Andy Hall's fund losses deepen after wrong bet on U.S.-Brent crude
* Hall's Astenbeck fund down 4 pct in Nov; 8 pct on year
* Says Brent-WTI spread widened on U.S. refinery maintenance
* Brent premium to return to around $6-$8 over time -Hall
By Barani Krishnan
NEW YORK, Dec 6 (Reuters) - Andy Hall, one of the oil market's biggest bulls, has confessed to being surprised by last month's widening price gap between the U.S. and London crude benchmarks that pushed his $4 billion hedge fund further into the red, a letter to investors showed.
Hall's Westport, Connecticut-based fund Astenbeck Capital Management fund, like many investors, got the price differentials between the two oils wrong, after refinery maintenance caused an unexpected surge in U.S. crude inventories in November, sent U.S. crude prices lower.
Returns data obtained by Reuters showed Hall's Astenbeck Master Commodities Fund II lost nearly 4 percent in November, finishing down for a third straight month and on course for an annual loss of more than 8 percent.
Unless it turns around, it would be the fund's second yearly loss since its inception in 2008. The fund lost almost 4 percent in 2011.
Astenbeck did not respond to an email seeking comment.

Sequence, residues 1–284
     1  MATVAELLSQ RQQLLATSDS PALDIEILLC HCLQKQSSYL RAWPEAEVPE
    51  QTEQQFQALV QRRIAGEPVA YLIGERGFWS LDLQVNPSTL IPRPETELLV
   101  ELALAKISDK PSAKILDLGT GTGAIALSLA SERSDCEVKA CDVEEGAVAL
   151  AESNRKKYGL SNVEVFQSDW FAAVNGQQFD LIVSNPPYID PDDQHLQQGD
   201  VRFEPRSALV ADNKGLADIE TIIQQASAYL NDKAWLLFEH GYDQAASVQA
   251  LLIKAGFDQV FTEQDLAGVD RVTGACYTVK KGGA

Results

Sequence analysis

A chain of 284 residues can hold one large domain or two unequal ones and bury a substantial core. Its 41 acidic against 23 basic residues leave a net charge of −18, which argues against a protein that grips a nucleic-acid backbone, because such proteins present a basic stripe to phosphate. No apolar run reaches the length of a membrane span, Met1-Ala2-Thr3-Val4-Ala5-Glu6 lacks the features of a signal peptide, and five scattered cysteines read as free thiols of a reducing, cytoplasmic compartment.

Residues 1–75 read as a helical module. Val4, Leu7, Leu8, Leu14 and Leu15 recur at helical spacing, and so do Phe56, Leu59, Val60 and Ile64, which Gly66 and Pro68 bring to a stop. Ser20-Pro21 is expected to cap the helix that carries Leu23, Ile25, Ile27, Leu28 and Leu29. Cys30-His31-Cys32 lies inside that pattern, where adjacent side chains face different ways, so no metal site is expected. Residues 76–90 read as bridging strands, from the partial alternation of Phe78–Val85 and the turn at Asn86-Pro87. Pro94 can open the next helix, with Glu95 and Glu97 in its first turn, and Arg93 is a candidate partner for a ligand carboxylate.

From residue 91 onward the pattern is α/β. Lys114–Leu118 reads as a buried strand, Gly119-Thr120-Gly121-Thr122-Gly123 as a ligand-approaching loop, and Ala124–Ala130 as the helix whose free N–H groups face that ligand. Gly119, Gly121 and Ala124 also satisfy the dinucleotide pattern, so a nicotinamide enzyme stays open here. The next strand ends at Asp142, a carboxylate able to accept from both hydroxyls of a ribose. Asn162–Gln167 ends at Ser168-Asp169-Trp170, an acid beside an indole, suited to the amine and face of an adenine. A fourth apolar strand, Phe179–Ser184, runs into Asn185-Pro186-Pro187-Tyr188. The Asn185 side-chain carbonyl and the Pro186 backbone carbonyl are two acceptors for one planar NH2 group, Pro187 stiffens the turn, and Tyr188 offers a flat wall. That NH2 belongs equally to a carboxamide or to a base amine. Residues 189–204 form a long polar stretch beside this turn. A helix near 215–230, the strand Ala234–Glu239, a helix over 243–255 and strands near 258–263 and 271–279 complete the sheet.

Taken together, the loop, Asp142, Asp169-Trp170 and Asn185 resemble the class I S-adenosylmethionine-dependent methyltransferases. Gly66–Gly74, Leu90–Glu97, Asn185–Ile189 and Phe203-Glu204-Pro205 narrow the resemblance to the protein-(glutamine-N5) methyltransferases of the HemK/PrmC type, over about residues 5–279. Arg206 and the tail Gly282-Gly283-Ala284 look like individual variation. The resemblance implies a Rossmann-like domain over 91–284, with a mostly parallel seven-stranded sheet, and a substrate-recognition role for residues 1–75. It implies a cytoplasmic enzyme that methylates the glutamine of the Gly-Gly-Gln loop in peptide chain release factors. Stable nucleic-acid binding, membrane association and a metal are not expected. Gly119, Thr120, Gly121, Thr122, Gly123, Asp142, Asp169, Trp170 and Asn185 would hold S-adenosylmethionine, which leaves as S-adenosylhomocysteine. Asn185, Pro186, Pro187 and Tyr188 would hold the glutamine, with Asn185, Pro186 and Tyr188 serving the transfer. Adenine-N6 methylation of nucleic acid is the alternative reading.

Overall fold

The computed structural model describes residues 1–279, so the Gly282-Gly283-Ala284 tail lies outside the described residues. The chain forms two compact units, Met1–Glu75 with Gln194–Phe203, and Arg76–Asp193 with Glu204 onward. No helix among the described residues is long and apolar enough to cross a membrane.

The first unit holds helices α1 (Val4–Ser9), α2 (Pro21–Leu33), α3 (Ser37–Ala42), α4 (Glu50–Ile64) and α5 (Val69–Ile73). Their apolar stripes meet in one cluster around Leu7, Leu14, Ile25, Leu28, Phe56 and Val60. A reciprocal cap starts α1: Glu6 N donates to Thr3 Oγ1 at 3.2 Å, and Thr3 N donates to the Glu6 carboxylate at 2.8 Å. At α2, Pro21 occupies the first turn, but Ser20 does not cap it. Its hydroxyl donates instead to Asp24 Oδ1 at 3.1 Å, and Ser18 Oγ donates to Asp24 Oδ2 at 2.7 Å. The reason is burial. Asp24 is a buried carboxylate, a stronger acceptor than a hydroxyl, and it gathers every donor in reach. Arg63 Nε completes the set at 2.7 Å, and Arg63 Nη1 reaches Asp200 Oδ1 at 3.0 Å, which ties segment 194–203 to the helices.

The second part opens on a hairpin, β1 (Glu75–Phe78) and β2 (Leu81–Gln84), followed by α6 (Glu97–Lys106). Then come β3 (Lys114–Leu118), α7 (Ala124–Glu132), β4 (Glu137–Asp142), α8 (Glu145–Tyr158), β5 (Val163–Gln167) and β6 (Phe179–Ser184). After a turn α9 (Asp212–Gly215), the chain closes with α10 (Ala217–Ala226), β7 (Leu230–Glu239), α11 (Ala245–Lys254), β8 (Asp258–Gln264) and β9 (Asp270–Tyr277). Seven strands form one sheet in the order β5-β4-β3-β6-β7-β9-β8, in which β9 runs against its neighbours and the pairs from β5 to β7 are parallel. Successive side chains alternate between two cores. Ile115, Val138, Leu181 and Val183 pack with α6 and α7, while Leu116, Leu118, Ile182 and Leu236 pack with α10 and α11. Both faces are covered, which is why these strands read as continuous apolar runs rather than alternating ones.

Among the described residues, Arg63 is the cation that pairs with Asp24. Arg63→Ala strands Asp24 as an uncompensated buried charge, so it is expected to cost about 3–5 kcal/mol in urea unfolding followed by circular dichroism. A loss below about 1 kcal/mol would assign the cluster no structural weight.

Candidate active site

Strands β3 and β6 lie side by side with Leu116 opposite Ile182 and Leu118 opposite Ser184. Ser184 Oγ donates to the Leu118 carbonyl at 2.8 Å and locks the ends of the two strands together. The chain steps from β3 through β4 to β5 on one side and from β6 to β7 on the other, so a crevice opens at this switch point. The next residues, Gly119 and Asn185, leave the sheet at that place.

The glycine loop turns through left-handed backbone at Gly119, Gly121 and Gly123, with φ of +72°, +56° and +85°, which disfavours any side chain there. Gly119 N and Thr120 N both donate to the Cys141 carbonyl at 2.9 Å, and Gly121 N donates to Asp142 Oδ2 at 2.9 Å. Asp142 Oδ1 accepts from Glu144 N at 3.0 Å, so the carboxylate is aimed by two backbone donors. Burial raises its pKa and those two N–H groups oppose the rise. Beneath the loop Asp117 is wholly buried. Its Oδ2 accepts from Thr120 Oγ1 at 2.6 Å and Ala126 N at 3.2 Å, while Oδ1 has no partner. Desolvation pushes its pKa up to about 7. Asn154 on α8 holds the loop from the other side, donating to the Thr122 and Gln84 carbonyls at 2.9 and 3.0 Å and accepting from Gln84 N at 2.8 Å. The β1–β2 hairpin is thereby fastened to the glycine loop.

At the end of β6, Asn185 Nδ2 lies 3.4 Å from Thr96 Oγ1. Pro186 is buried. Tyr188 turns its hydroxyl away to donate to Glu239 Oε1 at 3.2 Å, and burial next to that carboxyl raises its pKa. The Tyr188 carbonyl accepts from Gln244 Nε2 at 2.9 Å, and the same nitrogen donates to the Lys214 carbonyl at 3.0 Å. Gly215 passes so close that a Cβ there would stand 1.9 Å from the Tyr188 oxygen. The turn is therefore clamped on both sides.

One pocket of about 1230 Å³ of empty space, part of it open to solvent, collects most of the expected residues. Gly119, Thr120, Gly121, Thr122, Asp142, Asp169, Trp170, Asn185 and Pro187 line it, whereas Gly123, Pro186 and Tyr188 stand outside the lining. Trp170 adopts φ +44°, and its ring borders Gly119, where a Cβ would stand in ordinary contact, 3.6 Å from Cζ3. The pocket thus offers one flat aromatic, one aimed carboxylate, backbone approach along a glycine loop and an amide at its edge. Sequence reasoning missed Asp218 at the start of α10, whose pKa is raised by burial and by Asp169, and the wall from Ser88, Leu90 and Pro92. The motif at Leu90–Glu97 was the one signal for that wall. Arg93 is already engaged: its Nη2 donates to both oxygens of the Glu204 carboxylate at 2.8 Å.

The spread between the U.S. West Texas Intermediate (WTI) crude and European North Sea Brent forms one of the most popular bets on the oil market.
The difference between the two oils has swung wildly this year, with Brent's premium to WTI as high as $23 a barrel in February before falling to nearly zero in July.
It was the doubling of that premium to more than $19 in a matter of weeks by Nov. 27 that confounded Hall and other major energy funds. It was around $14 on Friday.
"The recent blow out in the Brent/WTI spread .... caught many - including ourselves - by surprise," Hall told investors in his Dec. 2 letter, seen by Reuters on Friday.
Industry sources said other hedge funds that got the spread wrong recently include Frere Hall Capital Management, which posted about 20 percent in losses in October, and Andurand Capital Management, which fell more than 6 percent last month. Both are London-based funds.
Andurand and Frere Hall did not respond to emails seeking comment on their performance.
Hall said November's blowout in the spread was caused by low volumes of oil processed by U.S. refiners that caused supplies to swell in Cushing, Oklahoma -- the delivery hub for U.S. crude. WTI fell around 10 percent for October through November as U.S. inventories spiked.
But since December began, WTI has gained more than 5 percent, in line with Hall's comment that he expected the U.S. market to outperform relative to Brent "although it may be a bumpy ride". Brent has gained less than 2 percent this month.
"On average, and over time, WTI ought to trade at a $6-8 discount to Brent, which means at current levels WTI prices have already discounted the worst," Hall said.
"We also continue to believe that forward WTI prices in the mid to low $80 range are too low, and continue to afford significant upside even though producer hedging programs will be a headwind."
For Brent itself, Hall saw "significant but limited downside risk" in 2014.
"Whilst $100 (support) could be tested, it would be difficult for Brent to trade below $100 on a sustained basis."